Closing Fallston General, building in Bel Air OK'd State planning panel approves hospital for Harford Co. seat

September 11, 1996|By M. William Salganik | M. William Salganik,SUN STAFF

After years of debate, the state's health planning commission yesterday cleared the way to close Fallston General Hospital and build a $60 million hospital in Bel Air.

The plan will "replace an aging facility" and "put services in a county that's growing very rapidly in a location where they can be better utilized," said Lyle E. Sheldon, chief executive of Upper Chesapeake Health System, which will build the hospital. Upper Chesapeake was created in 1987 by the merger of Harford County's two hospitals, Fallston General and Harford Memorial.

Also at yesterday's meeting, the Health Resources Planning Commission approved new regulations, opposed by some advocacy groups, permitting psychiatric hospitals to convert 48 surplus beds into residential treatment centers for adolescents and children.

The 120-bed hospital in Bel Air is expected to take about three years to plan and build. Its construction and a reorganization by Upper Chesapeake would reduce the number of hospital beds in Harford County from 484 -- now operating at 40 percent of capacity -- to 247.

Along with the closing of Fallston General, licensed for 184 beds, Harford Memorial in Havre de Grace will shrink from 300 beds to 120. Its pediatric and obstetric units will be moved to the new facility in Bel Air, in the part of the county where 70 percent of the women of child-bearing age live, according to Upper Chesapeake. Also, the health system is seeking approval for an additional 17 "sub-acute" beds at Harford Memorial.

Upper Chesapeake began to seek approval for the plan in 1993, but its initial efforts were blocked. Until the last few weeks, it looked as though the plan would still face opposition from the city of Havre de Grace and from competing hospitals.

The opposition was dropped, however, clearing the way for the commission to act. Sheldon said officials in Havre de Grace had feared that the changes would mean that Harford Memorial would close, but hospital officials made commitments to invest in and to market the hospital.

The Helix hospitals and Greater Baltimore Medical Center dropped their opposition after Upper Chesapeake assured them it would not add extra beds by converting private to semiprivate rooms or by building "shell space" which could be converted later to patient rooms, Sheldon said.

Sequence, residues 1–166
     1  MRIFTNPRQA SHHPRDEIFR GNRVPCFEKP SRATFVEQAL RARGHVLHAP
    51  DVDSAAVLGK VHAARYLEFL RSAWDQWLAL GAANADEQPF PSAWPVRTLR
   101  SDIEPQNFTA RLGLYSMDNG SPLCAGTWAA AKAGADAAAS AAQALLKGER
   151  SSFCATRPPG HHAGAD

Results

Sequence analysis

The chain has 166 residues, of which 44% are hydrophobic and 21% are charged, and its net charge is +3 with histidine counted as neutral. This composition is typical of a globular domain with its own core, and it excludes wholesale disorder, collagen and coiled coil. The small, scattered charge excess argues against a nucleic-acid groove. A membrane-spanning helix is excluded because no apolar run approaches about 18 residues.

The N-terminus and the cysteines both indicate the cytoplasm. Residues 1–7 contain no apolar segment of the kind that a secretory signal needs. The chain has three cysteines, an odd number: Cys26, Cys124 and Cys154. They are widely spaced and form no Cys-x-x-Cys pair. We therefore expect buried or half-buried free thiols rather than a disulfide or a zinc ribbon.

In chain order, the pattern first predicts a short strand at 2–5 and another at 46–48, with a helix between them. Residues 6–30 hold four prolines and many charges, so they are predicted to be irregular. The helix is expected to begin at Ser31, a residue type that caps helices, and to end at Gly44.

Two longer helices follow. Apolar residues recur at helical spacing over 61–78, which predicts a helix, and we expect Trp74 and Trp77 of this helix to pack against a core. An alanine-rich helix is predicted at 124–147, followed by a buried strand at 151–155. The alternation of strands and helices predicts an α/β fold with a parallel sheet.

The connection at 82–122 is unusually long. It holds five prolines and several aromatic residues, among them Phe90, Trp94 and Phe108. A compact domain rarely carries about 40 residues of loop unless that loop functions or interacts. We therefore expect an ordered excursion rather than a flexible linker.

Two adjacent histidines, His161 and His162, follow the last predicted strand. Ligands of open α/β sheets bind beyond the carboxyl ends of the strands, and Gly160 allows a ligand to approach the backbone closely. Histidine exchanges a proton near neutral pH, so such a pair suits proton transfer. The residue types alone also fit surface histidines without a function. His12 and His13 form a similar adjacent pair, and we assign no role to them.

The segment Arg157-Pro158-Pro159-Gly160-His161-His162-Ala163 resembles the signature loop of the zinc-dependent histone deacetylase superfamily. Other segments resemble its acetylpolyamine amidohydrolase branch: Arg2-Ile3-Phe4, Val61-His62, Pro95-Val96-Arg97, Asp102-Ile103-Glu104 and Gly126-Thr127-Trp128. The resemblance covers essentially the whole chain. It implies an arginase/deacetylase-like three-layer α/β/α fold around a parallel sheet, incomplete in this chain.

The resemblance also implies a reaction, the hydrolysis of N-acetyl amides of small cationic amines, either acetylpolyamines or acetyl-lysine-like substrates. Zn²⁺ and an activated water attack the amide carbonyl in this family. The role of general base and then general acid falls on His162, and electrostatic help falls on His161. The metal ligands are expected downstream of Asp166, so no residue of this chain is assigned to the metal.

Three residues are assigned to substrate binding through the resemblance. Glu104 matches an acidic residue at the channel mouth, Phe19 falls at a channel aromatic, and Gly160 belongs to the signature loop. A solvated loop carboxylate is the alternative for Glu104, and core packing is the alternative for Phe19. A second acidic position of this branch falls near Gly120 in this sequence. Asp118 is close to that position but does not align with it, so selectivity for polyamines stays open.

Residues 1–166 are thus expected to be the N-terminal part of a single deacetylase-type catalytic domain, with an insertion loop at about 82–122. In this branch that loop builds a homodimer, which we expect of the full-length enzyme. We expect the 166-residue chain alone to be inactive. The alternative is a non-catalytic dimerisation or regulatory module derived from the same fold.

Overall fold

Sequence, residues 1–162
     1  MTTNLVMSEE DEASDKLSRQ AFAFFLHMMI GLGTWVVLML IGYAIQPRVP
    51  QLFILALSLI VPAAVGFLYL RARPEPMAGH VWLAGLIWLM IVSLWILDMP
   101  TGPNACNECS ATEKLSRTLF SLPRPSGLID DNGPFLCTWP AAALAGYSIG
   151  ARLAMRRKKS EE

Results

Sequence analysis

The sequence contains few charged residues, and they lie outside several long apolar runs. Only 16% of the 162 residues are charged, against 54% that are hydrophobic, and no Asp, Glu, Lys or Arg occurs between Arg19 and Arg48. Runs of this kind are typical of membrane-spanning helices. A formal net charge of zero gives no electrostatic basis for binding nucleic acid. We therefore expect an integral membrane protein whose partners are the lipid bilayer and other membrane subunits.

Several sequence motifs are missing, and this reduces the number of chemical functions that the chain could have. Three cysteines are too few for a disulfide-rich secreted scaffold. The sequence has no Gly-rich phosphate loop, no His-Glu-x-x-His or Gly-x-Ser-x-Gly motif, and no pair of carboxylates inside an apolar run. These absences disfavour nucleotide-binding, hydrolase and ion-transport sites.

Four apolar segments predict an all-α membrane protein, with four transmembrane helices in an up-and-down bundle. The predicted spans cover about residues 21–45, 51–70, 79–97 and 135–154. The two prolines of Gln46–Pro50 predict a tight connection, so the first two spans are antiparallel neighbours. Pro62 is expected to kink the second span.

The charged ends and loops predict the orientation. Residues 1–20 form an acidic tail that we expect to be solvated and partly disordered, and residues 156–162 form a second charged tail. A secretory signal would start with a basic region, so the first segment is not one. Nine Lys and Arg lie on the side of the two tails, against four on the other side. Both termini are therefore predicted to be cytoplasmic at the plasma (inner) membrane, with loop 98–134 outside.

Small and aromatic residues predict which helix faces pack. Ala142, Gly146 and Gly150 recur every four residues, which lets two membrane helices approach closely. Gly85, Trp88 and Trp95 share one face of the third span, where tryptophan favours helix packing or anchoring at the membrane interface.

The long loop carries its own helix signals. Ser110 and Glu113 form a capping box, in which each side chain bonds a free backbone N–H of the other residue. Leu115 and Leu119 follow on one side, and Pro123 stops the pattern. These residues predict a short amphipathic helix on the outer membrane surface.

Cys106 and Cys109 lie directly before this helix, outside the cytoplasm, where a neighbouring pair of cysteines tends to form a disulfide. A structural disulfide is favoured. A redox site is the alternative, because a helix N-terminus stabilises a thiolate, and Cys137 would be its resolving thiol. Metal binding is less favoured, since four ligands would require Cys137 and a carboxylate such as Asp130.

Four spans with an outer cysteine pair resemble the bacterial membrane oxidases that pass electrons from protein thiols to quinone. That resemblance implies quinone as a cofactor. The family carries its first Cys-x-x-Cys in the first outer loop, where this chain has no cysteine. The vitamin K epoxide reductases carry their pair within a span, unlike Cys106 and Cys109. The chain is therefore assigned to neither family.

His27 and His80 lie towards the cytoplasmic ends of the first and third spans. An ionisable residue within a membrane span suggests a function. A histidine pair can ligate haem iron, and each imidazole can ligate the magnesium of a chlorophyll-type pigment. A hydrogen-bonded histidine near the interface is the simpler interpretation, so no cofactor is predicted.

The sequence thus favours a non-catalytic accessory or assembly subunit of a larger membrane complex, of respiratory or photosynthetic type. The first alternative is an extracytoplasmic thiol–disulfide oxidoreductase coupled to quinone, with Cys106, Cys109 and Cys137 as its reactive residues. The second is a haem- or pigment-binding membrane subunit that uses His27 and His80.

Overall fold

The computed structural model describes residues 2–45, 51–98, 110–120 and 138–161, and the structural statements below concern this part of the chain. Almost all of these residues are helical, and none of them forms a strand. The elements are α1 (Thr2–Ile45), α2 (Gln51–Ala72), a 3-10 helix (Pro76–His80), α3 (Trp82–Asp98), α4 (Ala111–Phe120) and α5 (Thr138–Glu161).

Gerry Blair, assistant vice president for marketing for the Helix system, said Helix did not object to the idea of a hospital in Bel Air, but wanted to make sure Upper Chesapeake filed detailed plans committing the new facility to a specific scope and size. Now, he said, Helix agrees with the plans.

There was not similar agreement on the residential treatment center beds, which provide less intensive care than admission to an acute psychiatric hospital. State officials are concerned because of children and adolescents being in state-run units or in private hospitals under court-ordered state custody. The state is under a federal court consent decree to move children out of psychiatric hospitals when doctors determine they can be cared for in other settings.

Dr. Albert A. Zachik, assistant director of the state Mental Hygiene Administration, told the commission that the beds were needed because Maryland has 350 children and adolescents receiving treatment out of state and so that patients "can be moved out of hospital units into a more appropriate level of treatment."

Walter J. Hall, a member of the health planning commission who chaired a committee studying the proposal, said allowing psychiatric hospitals to provide residential treatment beds was a good solution since the hospitals already have space.

But Jann Jackson, director of Advocates for Children and Youth, called approval of the beds "a move backwards" because the state needs to "divert resources from deep-end services" to community treatment.

Pub Date: 9/11/96

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